A proposed bill in the Arizona state legislature “would add tens of millions of dollars to the state’s low-income housing trust fund,” reports Morgan Loew. But, in an unsurprising move, the bill has drawn criticism for its proposed adjustments to the state’s zoning laws from opponents who worry about the effects of eliminating single-family zoning. “The bill would require municipalities to allow eight single-family dwellings per acre or 12 two-family dwelling units per acre on other specified land, regardless of current residential zoning.”
Single-family zoning has recently been in the crosshairs of many local and state lawmakers as the housing market becomes increasingly unaffordable for many American families. Critics of single-family zoning argue that the designation has a long history of being used to exclude low-income and minority groups, encourages sprawl, and keeps the housing supply unsustainably low. Around the country, cities and states have eliminated single-family zoning as part of efforts to boost housing construction and encourage higher density and infill development, legalizing more housing types such as duplexes and accessory dwelling units (also known as ‘missing middle housing’).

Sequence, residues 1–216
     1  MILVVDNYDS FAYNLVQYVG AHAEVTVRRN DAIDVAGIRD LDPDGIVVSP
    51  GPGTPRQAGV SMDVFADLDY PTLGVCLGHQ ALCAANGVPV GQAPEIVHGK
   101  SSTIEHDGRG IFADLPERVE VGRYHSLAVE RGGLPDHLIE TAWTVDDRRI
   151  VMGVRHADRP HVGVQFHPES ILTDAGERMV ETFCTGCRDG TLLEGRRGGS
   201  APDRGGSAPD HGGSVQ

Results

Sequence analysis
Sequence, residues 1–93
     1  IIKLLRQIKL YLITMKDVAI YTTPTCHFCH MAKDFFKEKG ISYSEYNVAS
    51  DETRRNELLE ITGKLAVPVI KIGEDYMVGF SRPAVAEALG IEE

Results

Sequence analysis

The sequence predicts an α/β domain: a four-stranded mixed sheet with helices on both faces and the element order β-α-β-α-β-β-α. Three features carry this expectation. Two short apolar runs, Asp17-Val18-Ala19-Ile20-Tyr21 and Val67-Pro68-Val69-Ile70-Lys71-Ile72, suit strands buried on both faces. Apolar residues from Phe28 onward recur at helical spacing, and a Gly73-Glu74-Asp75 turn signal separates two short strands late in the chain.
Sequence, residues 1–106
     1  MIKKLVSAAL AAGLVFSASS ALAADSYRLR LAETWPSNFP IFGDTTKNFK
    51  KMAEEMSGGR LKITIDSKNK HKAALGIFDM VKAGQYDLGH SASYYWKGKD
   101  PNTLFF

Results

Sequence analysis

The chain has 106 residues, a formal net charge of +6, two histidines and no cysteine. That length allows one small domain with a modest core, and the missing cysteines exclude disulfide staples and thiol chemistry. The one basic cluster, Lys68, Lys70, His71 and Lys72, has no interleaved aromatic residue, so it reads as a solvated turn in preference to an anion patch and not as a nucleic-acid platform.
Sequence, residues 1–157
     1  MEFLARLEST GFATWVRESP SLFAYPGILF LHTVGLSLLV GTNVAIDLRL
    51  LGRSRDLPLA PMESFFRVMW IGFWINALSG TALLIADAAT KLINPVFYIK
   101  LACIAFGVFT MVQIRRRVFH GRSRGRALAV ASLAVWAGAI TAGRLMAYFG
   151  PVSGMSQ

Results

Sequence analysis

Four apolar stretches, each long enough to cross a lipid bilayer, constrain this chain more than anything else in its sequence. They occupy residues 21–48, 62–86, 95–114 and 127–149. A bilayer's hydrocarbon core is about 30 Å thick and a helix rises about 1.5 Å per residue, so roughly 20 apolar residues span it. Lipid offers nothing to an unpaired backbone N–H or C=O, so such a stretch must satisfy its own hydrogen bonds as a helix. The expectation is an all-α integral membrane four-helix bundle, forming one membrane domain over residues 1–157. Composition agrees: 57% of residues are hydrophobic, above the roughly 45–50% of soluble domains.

AUTHOR: Diana Ionescu